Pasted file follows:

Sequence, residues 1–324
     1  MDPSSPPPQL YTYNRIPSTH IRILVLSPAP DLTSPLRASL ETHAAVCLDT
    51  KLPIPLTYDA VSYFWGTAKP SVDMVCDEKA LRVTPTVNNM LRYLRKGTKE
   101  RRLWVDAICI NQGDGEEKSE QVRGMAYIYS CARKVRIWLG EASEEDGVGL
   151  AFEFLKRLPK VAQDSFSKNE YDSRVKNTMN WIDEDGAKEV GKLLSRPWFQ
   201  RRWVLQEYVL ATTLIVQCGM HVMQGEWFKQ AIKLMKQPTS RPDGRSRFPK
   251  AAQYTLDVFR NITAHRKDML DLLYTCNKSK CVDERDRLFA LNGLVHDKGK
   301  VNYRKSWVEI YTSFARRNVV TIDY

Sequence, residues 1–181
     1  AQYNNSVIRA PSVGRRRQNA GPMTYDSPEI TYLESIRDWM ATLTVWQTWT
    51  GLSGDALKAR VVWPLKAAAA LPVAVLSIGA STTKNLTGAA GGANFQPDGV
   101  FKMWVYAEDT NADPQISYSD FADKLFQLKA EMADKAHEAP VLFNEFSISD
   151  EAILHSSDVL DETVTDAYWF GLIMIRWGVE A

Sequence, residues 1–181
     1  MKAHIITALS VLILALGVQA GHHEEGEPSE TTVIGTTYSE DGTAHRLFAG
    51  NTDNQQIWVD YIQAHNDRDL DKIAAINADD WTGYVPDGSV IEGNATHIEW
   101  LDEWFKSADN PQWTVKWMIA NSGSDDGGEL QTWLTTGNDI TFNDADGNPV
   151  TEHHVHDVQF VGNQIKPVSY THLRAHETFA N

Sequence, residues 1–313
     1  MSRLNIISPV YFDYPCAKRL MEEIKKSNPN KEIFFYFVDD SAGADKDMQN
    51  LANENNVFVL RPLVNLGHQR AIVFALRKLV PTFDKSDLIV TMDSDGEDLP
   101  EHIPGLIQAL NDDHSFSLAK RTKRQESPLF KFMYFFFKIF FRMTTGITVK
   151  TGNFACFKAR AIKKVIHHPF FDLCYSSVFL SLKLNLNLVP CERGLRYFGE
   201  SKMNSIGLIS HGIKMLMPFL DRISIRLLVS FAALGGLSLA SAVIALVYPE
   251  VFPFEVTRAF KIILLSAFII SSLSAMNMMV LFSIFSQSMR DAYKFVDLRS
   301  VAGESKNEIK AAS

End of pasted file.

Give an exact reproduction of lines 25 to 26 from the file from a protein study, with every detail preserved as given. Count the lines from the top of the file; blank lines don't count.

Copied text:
   251  VFPFEVTRAF KIILLSAFII SSLSAMNMMV LFSIFSQSMR DAYKFVDLRS
   301  VAGESKNEIK AAS